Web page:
(b) a relay having a coil connected in series with said switch means across said power supply, and in normal operation of the vehicle being continually energized through said switch means;

(0) normally closed contacts responsive to said coil;

(d) a capacitor connected to said coil and operative thereon to hold open said normally closed contacts for a few moments after current flow through said switch means has been terminated by the release of such grip, during which moments no emergency control is needed; and

(e) means under the control of said contacts and operative when said contacts are closed to energize the electrically actuated remedying device;

whereby the emergency control is rendered non-responsive to a rapid change of grip by an alert operator.

3. An emergency control for a vehicle having a switchoperated power supply, and an electrically actuated remedying device, comprising:

(a) switch means responsive to a proper driver condition;

(b) normally closed contacts under the control of said switch means, and arranged to be open in response to said proper condition and to be closed in the absence of said condition;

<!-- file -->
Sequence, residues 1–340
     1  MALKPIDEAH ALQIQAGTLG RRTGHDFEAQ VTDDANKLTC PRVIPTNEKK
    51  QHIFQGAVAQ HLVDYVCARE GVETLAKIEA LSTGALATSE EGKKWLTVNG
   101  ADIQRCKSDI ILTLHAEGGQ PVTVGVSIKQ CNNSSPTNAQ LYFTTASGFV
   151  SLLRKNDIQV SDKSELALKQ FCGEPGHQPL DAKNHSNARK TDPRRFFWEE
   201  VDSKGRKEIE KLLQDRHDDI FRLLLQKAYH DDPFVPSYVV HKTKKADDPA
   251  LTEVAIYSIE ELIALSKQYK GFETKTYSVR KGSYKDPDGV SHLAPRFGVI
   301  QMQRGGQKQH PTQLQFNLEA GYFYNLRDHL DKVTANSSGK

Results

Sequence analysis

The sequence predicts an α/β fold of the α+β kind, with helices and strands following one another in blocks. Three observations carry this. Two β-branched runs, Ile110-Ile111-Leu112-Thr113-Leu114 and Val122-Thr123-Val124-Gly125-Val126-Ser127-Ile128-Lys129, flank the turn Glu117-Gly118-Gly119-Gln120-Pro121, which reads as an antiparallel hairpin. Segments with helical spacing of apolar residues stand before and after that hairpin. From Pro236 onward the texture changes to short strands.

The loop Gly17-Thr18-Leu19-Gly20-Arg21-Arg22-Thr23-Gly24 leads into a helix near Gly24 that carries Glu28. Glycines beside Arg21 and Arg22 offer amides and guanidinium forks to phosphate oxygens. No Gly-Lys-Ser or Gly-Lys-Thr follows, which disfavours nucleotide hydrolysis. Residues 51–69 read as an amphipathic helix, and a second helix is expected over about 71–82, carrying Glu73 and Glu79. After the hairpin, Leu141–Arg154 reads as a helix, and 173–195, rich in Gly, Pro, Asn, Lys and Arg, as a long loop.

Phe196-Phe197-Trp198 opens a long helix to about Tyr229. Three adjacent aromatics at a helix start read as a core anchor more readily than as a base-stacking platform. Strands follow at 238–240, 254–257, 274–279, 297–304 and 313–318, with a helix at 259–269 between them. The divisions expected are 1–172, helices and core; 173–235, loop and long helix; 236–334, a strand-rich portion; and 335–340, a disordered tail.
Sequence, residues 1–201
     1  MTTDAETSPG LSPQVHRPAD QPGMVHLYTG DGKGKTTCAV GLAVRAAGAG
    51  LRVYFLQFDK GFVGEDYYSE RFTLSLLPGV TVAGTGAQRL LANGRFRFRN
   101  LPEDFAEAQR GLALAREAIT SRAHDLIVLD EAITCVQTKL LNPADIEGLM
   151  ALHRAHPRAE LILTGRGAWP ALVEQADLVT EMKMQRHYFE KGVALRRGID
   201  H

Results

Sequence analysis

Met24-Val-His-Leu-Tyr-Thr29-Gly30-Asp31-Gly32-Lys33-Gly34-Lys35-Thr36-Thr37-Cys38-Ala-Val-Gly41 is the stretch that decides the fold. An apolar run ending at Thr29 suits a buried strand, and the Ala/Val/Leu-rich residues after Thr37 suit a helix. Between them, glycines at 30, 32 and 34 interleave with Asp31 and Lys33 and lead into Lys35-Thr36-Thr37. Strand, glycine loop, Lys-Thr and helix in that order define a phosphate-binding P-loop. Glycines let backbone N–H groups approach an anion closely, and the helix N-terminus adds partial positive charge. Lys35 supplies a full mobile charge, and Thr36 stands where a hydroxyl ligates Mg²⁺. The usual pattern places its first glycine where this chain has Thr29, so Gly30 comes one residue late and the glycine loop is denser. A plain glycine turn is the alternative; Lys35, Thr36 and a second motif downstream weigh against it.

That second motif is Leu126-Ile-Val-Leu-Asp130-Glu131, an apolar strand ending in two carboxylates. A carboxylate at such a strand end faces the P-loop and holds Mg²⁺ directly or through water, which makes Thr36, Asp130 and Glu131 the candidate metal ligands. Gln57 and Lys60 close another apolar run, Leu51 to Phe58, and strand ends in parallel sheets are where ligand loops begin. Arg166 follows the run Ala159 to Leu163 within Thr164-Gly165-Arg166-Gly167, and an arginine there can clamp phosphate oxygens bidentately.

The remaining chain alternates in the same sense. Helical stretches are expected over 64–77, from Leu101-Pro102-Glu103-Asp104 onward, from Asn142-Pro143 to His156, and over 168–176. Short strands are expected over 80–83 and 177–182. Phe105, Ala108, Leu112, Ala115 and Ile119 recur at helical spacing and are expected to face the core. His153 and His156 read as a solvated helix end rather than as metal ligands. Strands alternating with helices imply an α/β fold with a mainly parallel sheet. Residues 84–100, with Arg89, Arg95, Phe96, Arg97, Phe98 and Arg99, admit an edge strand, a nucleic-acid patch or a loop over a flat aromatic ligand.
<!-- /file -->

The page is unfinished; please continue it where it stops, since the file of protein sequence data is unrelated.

l5 7 a a means responsive to vehicle speed and having normally open contacts connected in series with said normally closed contacts, said speed-responsive means being operative to close said normally open contacts above a predetermined inching vehicle speed;

((1) a relay having normally open contacts respectively connected to said normally open speed responsive contacts; and

(e) means under the joint control of said normally closed contacts and said speed responsive contacts, and operative when such contacts are closed to energize and coil of said relay and the electrically actuated remedying device;

whereby said contacts controlled by said speed-responsive means are shunted for any vehicle speed below said predetermined inching speed below which no emergency control is needed.